The structure of amyloid beta (Aβ) fibrils isolated from the brain tissue of patients with Alzheimer’s disease and cerebral amyloid angiopathy is published in Nature Communications this week. These findings provide new insights into the structural basis of the disease and may aid drug development.
Alzheimer’s disease is a progressive neurodegenerative disease and one of its hallmarks is the deposition of Aβ amyloid fibrils in plaques and vessel walls. Although Aβ amyloid fibrils generated in the laboratory are structurally well characterized, the structure of these fibrils in the brain has remained poorly understood.
Marcus Fandrich and colleagues purified Aβ amyloid fibrils from the brain tissue of three patients with Alzheimer’s disease after their death and used cryo-electron microscopy to analyse their structure. The authors identify three distinct but structurally related Aβ fibril morphologies in all three patient samples and determined the molecular structure for one of them. Unexpectedly, the structure of the brain-derived fibrils differs substantially from that of Aβ amyloid fibrils prepared in the laboratory. For example, the brain-derived Aβ amyloid fibrils were right-hand twisted and their peptide fold was distinctly different to previously analysed fibrils.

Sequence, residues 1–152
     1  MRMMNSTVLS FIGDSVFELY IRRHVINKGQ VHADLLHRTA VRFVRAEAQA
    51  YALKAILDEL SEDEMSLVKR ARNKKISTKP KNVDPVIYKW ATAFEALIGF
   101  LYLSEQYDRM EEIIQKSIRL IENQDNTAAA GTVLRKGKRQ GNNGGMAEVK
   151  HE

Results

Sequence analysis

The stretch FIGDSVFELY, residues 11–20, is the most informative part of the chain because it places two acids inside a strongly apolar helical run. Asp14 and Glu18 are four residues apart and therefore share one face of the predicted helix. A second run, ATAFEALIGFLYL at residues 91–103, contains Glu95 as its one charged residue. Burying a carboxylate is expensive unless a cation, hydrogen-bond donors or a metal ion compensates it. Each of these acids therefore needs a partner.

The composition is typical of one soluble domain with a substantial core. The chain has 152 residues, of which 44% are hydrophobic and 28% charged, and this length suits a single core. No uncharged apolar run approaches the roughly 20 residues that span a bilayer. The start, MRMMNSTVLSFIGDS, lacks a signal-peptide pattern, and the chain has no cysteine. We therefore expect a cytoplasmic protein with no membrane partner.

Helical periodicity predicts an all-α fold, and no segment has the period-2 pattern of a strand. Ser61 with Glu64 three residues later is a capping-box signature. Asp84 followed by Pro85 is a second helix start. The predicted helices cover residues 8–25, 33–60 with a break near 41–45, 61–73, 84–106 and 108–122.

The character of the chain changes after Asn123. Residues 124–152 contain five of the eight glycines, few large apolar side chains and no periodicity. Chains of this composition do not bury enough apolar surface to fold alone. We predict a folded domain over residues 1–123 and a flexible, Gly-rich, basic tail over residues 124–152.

This structure highlights the importance of characterizing patient-derived amyloid fibrils. Furthermore, it provides insights into the effects of Alzheimer’s disease-causing mutations in Aβ and could potentially aid the development of drugs that may prevent the formation of these fibrils.
Biomedical engineering: Neuron on a chipNature Communications
Neuroscience: Disrupting memory reconsolidation may reduce alcohol consumptionNature Communications